Fukui to Tokyo

Akihabara’s streets are thrumming with tourist. Young ladies in maid outfits call out from the streets. Shop after shop is busy selling anime paraphernalia and other goods for nerds.

It is in total contrast to our previous stop.

Although the Shinkansen runs direct from Fukui to Tokyo, I decide to break our journey in the coastal city of Itoigawa.

.The Itoigawa-Shizuoka fault line geologically divides Eastern and Western Japan, running alongside the Fossa Magna rift. The fault line is exposed around Itoigawa, exposing metamorphic and salt bearing rocks.

Itoigawa hosts a UNESCO Geo Park, with trails for exploring these geological phenomena, but we haven’t time to go there, nor to ride the coastal trails by bike.

The lonely omiyage shop in the station complex has local jade boulders on display, including green and purple examples. There is also a workshop for polishing jade and a number of jade items on display. It looks very run down, a remnant from another era.

On the other side of the station, the reason for my wanting to visit, is a modern Geopark museum, which has a little information, but does have some a kid’s slide and a trick photo op. Right next to it is a preserved KiHa 47 railcar waiting room, a replica Midnight Express dining car and a tiny steam engine. And next to that are a couple of big models railway layouts. For 500 Yen you can drive a model train yourself, some of which are equipped with cameras, for half an hour.

Before I have a chance to read that, the old attendant takes me over to give me a go driving a train. It is a bit more complicated than my own model railway operations, but fun. If only I can get it stopping correctly at the platform (I’m used to one dial!).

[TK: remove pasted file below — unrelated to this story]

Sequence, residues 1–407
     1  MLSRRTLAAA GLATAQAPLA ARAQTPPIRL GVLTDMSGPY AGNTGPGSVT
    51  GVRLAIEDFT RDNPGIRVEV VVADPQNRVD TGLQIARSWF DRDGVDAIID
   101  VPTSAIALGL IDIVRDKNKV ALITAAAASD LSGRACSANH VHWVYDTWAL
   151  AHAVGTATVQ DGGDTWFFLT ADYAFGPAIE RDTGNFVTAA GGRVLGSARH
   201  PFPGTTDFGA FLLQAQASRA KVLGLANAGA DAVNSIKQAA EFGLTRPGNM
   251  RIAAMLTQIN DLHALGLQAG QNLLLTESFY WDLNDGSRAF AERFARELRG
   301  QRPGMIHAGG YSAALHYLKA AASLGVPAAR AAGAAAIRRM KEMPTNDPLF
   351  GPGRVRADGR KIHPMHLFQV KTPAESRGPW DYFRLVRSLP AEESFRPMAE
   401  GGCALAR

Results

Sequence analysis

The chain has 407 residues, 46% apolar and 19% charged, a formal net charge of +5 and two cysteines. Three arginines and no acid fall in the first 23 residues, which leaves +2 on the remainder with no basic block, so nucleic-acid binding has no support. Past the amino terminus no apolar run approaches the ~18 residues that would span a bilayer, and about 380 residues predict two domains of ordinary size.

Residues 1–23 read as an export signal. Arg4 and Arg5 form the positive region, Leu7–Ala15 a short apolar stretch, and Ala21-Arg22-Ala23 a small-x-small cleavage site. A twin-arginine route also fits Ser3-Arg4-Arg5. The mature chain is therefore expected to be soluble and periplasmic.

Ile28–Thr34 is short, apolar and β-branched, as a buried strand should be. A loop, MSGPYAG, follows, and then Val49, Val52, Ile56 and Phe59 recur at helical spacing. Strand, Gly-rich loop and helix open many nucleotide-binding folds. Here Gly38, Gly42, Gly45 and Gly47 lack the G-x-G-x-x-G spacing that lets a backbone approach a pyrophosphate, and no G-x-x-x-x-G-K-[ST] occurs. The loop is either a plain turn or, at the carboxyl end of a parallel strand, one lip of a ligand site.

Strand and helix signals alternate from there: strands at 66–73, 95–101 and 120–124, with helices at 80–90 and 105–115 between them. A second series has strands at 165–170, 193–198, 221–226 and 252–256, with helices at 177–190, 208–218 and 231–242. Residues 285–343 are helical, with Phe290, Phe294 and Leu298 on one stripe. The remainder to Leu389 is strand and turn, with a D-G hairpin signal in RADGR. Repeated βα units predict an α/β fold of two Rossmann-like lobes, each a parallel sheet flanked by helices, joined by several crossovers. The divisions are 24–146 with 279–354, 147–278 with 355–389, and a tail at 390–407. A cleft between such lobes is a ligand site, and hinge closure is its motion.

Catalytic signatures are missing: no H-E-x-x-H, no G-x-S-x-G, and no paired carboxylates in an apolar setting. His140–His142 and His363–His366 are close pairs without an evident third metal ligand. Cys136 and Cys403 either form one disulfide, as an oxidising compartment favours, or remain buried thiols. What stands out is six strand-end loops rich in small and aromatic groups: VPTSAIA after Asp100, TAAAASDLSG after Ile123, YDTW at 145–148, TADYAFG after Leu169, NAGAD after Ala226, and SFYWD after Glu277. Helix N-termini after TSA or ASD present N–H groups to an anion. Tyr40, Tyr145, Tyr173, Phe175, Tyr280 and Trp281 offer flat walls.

Alex refuses to let me pay to give him a go.

We need lunch, so go back over the other side of the station where Google Maps suggests there might be more food outlets. As we can’t find an available big locker we roll our luggage behind us. This is why I prefer light backpacks.

Itoigawa is almost deserted. There are almost no people around and most shops look like they are abandoned.

There is a soba outlet across the road with some customers, but nobody feels like soba. We continue walking to the end of the street, where an underpass leads to a steel rainbow lookout over the sea wall.

Alex and I join another group of young Asian tourists in climbing up the structure, from where we can see along the concrete sea wall barriers. There are some English signs describing the views, which are largely missing. Certainly no seaside food.

Walking back, we take a different route and encounter a few open shops and a modern cafe selling curry. I could eat it, but Alex refuses.

Time is now short. We pass a couple more decrepit shops and eateries, but we need to head back to the station, where we buy sandwiches and an onigiri from the tiny convenience store there.

For the others, aside from the model railway, Itoigawa represents boredom, but I kind of like it. It’s one of those examples of something interesting and unique hidden away in a place that has seen better days. I would go back.

The Hakutaka Shinkansen races us away to our next destination: Tokyo. I look out at the cloudscapes and mountains, the high snows and the rice paddies, the cherry blossoms still in flower in these colder lands.

Then we enter the urban megapolis that is Tokyo. At Tokyo Station, a quick change to the Yamanote Line, two stops to busy Akihabara.

So many foreign tourists. Such big crowds. Such objectification of women in the shops. As much as I liked Itoigawa, I feel uncomfortable here.

We look for anime products for Alex, model railways for me and B is a bit left out. So we catch another train to our old haunt of Shinjuku.

After twenty-one years, we are experts in navigating the station and the shops. But we could have stayed in Akihabara to have gyukatsu, breaded beef grilled on the table.

Down from the busy Kabuki-cho, into the Subnade underground mall. The Aquaforest shop has moved, and looks like it might shut down permanently soon. It’s still beautiful. The mall is closing for the night anyway.

We find our way underground to Zara, discover that the big Uniqlo has gone, but Gap and Tower Records are still there. And I find a John Williams soundtrack I don’t own there!

Back so late to Akihabara. It’s also closing for the night. Or much of it is. We are ready to.

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